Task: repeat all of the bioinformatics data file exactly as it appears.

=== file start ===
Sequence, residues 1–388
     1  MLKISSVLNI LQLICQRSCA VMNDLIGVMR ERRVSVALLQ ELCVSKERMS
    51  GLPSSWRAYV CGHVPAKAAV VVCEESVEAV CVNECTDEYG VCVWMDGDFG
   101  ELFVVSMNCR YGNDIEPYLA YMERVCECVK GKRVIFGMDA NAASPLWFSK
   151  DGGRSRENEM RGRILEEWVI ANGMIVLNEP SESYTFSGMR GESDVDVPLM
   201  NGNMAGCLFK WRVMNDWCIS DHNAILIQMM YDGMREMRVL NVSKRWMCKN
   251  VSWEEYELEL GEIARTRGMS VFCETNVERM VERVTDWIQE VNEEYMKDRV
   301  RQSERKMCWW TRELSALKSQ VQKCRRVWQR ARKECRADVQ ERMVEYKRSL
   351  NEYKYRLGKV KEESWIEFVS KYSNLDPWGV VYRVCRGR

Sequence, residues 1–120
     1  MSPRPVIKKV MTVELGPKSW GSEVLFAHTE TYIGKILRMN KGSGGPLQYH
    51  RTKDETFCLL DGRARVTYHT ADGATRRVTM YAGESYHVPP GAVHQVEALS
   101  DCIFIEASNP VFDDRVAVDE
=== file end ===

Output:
Sequence, residues 1–388
     1  MLKISSVLNI LQLICQRSCA VMNDLIGVMR ERRVSVALLQ ELCVSKERMS
    51  GLPSSWRAYV CGHVPAKAAV VVCEESVEAV CVNECTDEYG VCVWMDGDFG
   101  ELFVVSMNCR YGNDIEPYLA YMERVCECVK GKRVIFGMDA NAASPLWFSK
   151  DGGRSRENEM RGRILEEWVI ANGMIVLNEP SESYTFSGMR GESDVDVPLM
   201  NGNMAGCLFK WRVMNDWCIS DHNAILIQMM YDGMREMRVL NVSKRWMCKN
   251  VSWEEYELEL GEIARTRGMS VFCETNVERM VERVTDWIQE VNEEYMKDRV
   301  RQSERKMCWW TRELSALKSQ VQKCRRVWQR ARKECRADVQ ERMVEYKRSL
   351  NEYKYRLGKV KEESWIEFVS KYSNLDPWGV VYRVCRGR

Sequence, residues 1–120
     1  MSPRPVIKKV MTVELGPKSW GSEVLFAHTE TYIGKILRMN KGSGGPLQYH
    51  RTKDETFCLL DGRARVTYHT ADGATRRVTM YAGESYHVPP GAVHQVEALS
   101  DCIFIEASNP VFDDRVAVDE